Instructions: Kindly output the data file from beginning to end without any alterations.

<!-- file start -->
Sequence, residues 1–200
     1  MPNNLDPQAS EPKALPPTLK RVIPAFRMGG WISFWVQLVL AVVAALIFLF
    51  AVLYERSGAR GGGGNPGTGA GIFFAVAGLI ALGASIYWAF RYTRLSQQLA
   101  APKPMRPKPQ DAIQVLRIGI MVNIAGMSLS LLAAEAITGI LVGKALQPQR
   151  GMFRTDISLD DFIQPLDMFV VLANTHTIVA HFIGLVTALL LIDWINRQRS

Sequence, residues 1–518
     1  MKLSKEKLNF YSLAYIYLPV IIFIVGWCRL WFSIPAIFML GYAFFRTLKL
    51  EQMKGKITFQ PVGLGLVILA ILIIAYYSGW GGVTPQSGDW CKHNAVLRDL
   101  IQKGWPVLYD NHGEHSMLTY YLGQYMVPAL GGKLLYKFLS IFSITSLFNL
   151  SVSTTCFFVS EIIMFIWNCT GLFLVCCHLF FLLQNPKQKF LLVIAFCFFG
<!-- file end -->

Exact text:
Sequence, residues 1–200
     1  MPNNLDPQAS EPKALPPTLK RVIPAFRMGG WISFWVQLVL AVVAALIFLF
    51  AVLYERSGAR GGGGNPGTGA GIFFAVAGLI ALGASIYWAF RYTRLSQQLA
   101  APKPMRPKPQ DAIQVLRIGI MVNIAGMSLS LLAAEAITGI LVGKALQPQR
   151  GMFRTDISLD DFIQPLDMFV VLANTHTIVA HFIGLVTALL LIDWINRQRS

Sequence, residues 1–518
     1  MKLSKEKLNF YSLAYIYLPV IIFIVGWCRL WFSIPAIFML GYAFFRTLKL
    51  EQMKGKITFQ PVGLGLVILA ILIIAYYSGW GGVTPQSGDW CKHNAVLRDL
   101  IQKGWPVLYD NHGEHSMLTY YLGQYMVPAL GGKLLYKFLS IFSITSLFNL
   151  SVSTTCFFVS EIIMFIWNCT GLFLVCCHLF FLLQNPKQKF LLVIAFCFFG